Everyone loves to see a rainbow with its beautiful array of colour decorating a sun-eclipsed sky. This spectacle has many ancient stories attached to it and symbolises promise, hope, new beginnings and pots of gold.

In reality however, it is a scientific phenomenon resulting from sunlight shining through raindrops as stormy clouds are interspersed with solar rays. It is a perfect example of clinical science creating emotional response – and that can teach us a lot about buying behaviour.

There is a real sense of magic surrounding a rainbow. No matter how many times you have seen one before, whatever age you are, and whether it is a faded or a glorious one… You will always stop and look or point one out to your friends. Rainbows are a colourful, powerful force and one which never fails to get a reaction.

Perhaps it is the mix of hues and the circular curve which entices our senses, but did you know that individual colours can also affect the way in which people think and act?

Studies have shown that people are prone to respond or react to different colours in different ways. Some will engender trust, others spell danger, and some simply make you feel warm and fuzzy. It is not an exact science, because there are exceptions to most rules, but it is still worth getting an understanding on how various colours can make people think and act. If you work in marketing, sales or in any customer facing role then this will be particularly important for you. And because it is applicable to the things your audience reads, watches, and picks up (your collateral) and the things that you wear (your clothes), it can be a powerful tool throughout your business.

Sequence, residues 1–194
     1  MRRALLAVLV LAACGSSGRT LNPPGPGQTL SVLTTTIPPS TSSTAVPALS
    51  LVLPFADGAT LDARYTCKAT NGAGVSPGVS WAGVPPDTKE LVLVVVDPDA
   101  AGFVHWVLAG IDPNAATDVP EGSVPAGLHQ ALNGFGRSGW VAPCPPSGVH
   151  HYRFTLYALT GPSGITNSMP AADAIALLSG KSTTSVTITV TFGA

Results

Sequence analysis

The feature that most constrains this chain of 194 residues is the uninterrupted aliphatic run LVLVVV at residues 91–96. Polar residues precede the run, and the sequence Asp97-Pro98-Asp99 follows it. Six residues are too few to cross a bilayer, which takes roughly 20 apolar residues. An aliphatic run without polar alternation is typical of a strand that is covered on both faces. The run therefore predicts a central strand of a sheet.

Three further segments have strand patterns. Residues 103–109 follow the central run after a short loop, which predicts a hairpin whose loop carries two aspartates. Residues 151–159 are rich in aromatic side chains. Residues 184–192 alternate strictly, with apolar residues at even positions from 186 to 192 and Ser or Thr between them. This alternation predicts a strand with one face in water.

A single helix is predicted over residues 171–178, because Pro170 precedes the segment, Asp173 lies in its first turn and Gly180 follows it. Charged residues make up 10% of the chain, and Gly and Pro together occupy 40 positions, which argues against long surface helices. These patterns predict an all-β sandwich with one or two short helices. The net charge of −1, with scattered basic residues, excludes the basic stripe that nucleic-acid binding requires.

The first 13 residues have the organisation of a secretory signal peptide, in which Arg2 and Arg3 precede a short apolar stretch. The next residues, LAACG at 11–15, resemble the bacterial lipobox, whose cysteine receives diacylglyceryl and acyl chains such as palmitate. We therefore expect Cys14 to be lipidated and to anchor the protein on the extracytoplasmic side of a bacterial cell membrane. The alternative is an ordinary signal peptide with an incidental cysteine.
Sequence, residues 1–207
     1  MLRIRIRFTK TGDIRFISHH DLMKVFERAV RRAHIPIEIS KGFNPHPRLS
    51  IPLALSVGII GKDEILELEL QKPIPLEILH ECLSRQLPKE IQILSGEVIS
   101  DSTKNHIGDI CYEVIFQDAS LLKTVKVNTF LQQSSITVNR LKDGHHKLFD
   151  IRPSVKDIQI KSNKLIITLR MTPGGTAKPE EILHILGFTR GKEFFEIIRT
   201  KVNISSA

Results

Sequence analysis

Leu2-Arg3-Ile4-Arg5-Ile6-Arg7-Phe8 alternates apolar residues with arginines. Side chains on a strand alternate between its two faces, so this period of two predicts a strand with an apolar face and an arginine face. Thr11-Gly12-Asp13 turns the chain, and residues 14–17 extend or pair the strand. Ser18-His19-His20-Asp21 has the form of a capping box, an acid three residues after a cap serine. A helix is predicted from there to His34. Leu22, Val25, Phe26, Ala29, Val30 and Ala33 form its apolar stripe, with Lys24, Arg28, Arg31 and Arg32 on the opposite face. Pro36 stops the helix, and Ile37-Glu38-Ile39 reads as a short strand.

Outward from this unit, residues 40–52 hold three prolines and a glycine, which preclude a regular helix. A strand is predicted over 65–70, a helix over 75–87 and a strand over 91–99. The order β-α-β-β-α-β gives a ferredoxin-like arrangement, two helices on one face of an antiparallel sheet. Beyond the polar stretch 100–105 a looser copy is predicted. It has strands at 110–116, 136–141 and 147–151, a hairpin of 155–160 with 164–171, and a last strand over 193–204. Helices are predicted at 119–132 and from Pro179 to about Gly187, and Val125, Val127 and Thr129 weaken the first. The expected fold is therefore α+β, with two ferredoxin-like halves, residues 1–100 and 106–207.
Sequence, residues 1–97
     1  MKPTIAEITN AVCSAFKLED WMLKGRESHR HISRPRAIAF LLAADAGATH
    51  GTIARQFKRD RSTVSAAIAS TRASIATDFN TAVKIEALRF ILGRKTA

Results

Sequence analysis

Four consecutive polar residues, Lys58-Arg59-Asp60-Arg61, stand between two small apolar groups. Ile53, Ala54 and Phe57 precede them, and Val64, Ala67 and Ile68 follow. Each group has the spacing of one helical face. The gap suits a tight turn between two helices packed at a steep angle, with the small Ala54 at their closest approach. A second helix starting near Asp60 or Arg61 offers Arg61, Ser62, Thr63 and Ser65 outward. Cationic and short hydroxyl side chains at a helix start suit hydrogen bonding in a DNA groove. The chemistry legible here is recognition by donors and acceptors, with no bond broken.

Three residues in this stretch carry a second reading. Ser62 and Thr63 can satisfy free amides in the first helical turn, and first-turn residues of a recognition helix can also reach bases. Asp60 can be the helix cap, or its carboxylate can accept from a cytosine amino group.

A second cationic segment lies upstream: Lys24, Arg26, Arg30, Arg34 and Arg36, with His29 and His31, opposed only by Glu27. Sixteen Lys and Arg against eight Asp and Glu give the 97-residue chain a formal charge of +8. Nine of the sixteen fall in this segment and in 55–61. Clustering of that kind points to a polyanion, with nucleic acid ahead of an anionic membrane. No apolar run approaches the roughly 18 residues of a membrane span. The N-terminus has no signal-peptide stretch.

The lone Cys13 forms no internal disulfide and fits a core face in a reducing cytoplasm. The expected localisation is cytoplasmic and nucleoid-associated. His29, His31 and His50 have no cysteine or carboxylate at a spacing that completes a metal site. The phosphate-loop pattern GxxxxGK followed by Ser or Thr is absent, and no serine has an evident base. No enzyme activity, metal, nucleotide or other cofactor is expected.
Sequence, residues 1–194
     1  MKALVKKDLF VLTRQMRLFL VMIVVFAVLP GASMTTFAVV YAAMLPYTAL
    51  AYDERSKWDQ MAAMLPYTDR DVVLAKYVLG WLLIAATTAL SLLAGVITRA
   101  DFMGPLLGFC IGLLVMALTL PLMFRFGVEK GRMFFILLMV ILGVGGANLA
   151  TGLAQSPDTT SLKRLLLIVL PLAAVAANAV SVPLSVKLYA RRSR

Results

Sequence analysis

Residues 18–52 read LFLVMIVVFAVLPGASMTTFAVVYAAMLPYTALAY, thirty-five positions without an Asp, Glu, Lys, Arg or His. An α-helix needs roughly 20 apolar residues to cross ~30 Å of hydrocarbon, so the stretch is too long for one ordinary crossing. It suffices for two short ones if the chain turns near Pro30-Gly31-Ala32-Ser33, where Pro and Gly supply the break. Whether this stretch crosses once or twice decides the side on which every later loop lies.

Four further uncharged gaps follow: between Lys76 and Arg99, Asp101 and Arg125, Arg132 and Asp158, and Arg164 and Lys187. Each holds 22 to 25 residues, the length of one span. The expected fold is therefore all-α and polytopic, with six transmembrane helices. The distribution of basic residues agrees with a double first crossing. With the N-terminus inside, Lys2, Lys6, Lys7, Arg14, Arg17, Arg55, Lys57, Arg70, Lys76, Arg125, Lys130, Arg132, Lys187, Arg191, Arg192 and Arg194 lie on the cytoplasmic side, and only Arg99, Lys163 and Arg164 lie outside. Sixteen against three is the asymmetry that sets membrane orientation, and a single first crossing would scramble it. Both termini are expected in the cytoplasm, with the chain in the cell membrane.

Here’s a quick overview of some of my favourite connotations of colour:

Red: the colour of impulse, passion and possibly even danger, red is used to grab attention and highlight ‘must read’ sections of your marketing. It is also known as the colour of love and is supposed to make the wearer more attractive, or at the very least announce their presence.

Blue: is the colour of trust and dependability. It represents the corporate side of a business and suggests strength in a safe pair of hands. If you want your marketing to reassure its reader then blue would be a good place to start. And if you are going for an interview in the City it wouldn’t be a bad choice either.

Yellow: will be recognised as an extravagant, ‘I’ve got something to say’ voice in your marketing but will also be one that is difficult to take in or concentrate on. It is certainly a friendly colour and shouts happiness, optimism and good news (but it could easily be overdone). Bright yellow wearers are often ‘out there’ too.

Green: creates the feeling of health and wellbeing. It is the colour of the earth and doing the right thing in the right way. Reassuringly peaceful and blessed with such a rich range of shades, green should be a great addition to your marketing if you want to promote goodness.

Purple: with its royal connections and reflecting all things luxurious, purple can make a very powerful, ‘stand out’ statement in your marketing. It also suggests a touch of creative flair and the willingness to try something different. Purple garments are often kept for big nights out or those people that have an obsession for rich tones.

So next time you pick up the mouse to throw some colour combinations together.

Think about how your colour choices could be conceived.

Thanks, Matt

PS. I’d love to hear your stories.. Just pop a comment in below and tell us how changing a colour in your marketing saw a positive response in your results.

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